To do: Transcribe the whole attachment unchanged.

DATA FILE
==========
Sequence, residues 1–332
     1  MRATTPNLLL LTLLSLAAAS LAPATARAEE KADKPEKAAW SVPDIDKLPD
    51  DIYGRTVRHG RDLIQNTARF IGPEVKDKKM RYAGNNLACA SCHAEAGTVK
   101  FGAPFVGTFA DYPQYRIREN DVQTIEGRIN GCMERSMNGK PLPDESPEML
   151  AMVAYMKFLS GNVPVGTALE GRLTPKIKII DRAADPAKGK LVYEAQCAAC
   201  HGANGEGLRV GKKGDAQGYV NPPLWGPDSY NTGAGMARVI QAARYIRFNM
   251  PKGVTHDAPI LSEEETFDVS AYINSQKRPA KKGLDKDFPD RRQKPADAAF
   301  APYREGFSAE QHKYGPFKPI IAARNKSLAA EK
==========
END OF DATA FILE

Sequence, residues 1–332
     1  MRATTPNLLL LTLLSLAAAS LAPATARAEE KADKPEKAAW SVPDIDKLPD
    51  DIYGRTVRHG RDLIQNTARF IGPEVKDKKM RYAGNNLACA SCHAEAGTVK
   101  FGAPFVGTFA DYPQYRIREN DVQTIEGRIN GCMERSMNGK PLPDESPEML
   151  AMVAYMKFLS GNVPVGTALE GRLTPKIKII DRAADPAKGK LVYEAQCAAC
   201  HGANGEGLRV GKKGDAQGYV NPPLWGPDSY NTGAGMARVI QAARYIRFNM
   251  PKGVTHDAPI LSEEETFDVS AYINSQKRPA KKGLDKDFPD RRQKPADAAF
   301  APYREGFSAE QHKYGPFKPI IAARNKSLAA EK